Step 2- There is no specific amount of vegetable pulp you need to have, but you will have an average of about 6 cups. Using a blender, food processor, or immersion blender, puree’ your vegetables to resemble a thick tomato puree’, and put on side.
Step 3- Time to make the rice stuffing. In this step, I will stop in between the recipe and talk you through it as we go along.
1 pound lean ground beef
1 pound lean ground pork
2 sweet, yellow, or white onions, chopped
3 teaspoons garlic powder
sea salt and black pepper
In your large pot, on medium high heat, add your ground beef, ground pork, onions, and garlic powder and saute’ everything until onions are nice and soft, and meat is browned. Salt and pepper your mixture, starting from the left to the right of your pan. As your beef and pork are cooking, start breaking it up as much as you can as you are sautéing it, to make your ground meats into smaller pieces.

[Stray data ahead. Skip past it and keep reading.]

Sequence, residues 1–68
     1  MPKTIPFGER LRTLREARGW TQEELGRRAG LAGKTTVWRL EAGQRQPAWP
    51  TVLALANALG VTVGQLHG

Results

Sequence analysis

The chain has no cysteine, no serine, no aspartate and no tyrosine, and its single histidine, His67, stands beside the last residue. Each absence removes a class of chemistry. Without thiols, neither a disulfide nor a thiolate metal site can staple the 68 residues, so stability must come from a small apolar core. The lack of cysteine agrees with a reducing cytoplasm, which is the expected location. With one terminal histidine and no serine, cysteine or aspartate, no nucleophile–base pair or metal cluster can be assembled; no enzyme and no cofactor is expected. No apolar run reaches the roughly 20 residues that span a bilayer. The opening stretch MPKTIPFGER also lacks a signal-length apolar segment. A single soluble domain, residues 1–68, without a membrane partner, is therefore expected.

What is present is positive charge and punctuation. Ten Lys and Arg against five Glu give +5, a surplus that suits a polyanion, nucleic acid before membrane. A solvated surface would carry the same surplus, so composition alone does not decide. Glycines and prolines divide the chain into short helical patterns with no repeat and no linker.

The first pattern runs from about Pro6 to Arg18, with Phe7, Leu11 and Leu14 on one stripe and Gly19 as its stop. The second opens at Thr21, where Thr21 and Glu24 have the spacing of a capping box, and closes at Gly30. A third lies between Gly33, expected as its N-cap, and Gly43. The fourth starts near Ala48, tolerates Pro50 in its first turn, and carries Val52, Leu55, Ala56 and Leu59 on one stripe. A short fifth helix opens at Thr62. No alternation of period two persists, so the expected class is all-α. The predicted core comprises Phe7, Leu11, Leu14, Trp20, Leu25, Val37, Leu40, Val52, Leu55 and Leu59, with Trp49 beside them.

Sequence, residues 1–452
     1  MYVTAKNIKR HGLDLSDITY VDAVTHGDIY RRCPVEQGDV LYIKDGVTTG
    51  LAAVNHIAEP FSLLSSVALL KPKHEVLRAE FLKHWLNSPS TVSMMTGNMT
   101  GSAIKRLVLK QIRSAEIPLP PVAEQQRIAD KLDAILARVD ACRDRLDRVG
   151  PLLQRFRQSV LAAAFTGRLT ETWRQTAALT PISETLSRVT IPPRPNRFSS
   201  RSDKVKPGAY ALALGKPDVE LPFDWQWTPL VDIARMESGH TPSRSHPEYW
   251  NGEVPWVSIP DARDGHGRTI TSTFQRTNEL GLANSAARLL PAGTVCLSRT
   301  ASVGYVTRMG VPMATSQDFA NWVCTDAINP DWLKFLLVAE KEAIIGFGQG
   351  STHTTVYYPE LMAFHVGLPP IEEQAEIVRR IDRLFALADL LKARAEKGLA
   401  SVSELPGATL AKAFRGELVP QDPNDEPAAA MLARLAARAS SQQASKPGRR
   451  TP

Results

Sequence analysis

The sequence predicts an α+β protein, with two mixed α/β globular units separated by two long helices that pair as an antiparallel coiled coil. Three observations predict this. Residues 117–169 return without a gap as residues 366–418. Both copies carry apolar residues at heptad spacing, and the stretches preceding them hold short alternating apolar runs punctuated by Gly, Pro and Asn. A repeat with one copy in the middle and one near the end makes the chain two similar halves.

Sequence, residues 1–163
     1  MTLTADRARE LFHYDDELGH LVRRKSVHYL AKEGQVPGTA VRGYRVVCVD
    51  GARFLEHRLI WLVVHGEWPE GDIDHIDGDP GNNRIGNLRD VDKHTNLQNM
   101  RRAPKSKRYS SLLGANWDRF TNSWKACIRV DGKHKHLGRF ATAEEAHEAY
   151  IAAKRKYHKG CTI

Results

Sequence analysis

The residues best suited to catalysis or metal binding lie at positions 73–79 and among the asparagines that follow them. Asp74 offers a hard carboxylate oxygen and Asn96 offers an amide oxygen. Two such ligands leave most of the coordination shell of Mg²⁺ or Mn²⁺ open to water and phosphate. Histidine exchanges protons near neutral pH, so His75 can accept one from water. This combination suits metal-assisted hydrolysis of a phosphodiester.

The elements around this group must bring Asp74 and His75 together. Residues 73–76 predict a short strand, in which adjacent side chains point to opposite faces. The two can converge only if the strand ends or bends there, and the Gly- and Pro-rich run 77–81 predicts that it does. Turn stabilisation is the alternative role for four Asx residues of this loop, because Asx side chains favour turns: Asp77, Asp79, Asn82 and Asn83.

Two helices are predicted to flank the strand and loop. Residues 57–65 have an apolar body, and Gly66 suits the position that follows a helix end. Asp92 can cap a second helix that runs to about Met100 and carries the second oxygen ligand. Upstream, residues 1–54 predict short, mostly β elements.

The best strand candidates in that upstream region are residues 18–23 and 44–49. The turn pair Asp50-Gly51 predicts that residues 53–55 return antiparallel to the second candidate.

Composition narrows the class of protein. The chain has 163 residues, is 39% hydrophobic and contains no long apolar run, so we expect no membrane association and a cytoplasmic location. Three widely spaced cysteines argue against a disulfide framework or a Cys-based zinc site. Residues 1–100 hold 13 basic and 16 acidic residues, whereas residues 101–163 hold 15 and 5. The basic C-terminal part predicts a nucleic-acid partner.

vegetable pulp that you just pureed
6 cups water
9 teaspoons vegetable or chicken base or 9 bouillon cubes
1 large can (18 ounces or 1 pound 2 ounces) tomato paste
juice of 3 large lemons
3 teaspoons dried mint (or 9 teaspoons fresh mint, finely chopped, minced, or snipped with scissors or kitchen shears)
3 teaspoons dried dill (or 9 teaspoons fresh dill finely chopped, minced, or snipped with scissors or kitchen shears)
large handful fresh parsley, finely chopped, minced, or snipped with scissors or kitchen shears (I do not find that dried parsley maintains its flavor, which is why I use fresh in this recipe, because this taste is much-needed)
3 cups parboiled rice
1 tablespoon to stuff your vegetables